The steel story: it's the last stop
Journalist Glen Humphries and photographer Sylvia Liber pull back the steel curtain and take you deep inside BlueScope's Port Kembla steelworks.
The painting and finishing department at Springhill is the end of the line for steel.
Well, sort of.
See, once the painted or galvanised steel leaves BlueScope’s Springhill plant it's not always really ready to use.
The coils go out flat – to get the corrugation in them that you see in the Colorbond roofs all over the place it gets sent to one of a number of service centres across the country.
Other coil may get sent out unpainted so that the customer can take care of that themselves.
So while the path from raw material to finished product at BlueScope may take at least six weeks, there can still be a few more stages.
But our journey ends with the painting and finishing department, where the coils are coated in cottage green, surf mist or other colours and them wrapped up in an array of packaging before heading out the door.
From the metal coating line, those coils that don’t require painting head straight to the pack line.
Those that are to be painted get uncoiled – again – and then stitched together into one continuous length to go through the paint line.
It gets a primer and main coat (and a “backer” painted on the side you don't usually see) and is run through an oven to dry the paint and ensure it stays put.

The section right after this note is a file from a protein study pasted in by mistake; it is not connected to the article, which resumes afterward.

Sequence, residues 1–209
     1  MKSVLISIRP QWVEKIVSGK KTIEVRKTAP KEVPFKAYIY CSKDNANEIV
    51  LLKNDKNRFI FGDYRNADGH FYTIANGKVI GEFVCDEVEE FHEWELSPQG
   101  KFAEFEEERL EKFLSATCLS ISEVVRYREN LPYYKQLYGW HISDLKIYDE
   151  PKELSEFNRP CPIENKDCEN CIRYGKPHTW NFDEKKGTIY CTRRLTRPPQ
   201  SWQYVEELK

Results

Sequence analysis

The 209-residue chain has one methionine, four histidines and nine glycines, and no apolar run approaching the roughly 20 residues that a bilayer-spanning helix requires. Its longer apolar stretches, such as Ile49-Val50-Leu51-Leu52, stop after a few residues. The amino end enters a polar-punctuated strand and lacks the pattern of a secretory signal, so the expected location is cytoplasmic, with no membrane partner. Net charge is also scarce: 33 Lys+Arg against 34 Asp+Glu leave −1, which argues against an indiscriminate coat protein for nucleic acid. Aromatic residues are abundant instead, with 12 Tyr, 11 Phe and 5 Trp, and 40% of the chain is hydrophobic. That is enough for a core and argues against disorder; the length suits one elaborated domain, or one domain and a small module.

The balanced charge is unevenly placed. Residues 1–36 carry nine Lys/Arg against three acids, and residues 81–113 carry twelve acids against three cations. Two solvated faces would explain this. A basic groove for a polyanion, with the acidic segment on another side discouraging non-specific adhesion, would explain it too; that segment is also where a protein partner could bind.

Computers keep track of the coil to spot any flaws, and a spectrometer compares the colour as it comes off the line with a master sample (there are a series of envelopes that hold samples of each colour made at BlueScope.
After it’s dried, the coil is cut again and wrapped up (for the last time) and then it enters the packing line.
This is a surprisingly involved process – there are 13 stations in the line and each is responsible for putting a different packaging option on the coil.
These include straps that run around the coil, through the centre, protectors at either end (aka “donuts”), body wrap and even steel crimped around the edges.
Some of the stations are automated, others are operated by workers. In either case, they have three minutes to get their job done before the coil moves down the conveyor to the next station.
At the end of the pack line a robot prints out a packing sticker containing the delivery address.
But before it places the sticker, it scans the coil’s size to make sure there hasn’t been a mix-up.
From there the coils head out a field in preparation to be loaded onto a truck or placed in so-called “Better Boxes” for transportation on rail.
And so what arrived at the BlueScope docks as as iron ore, limestone, coal and a range of other ingredients leaves Port Kembla as a rolled coil of steel.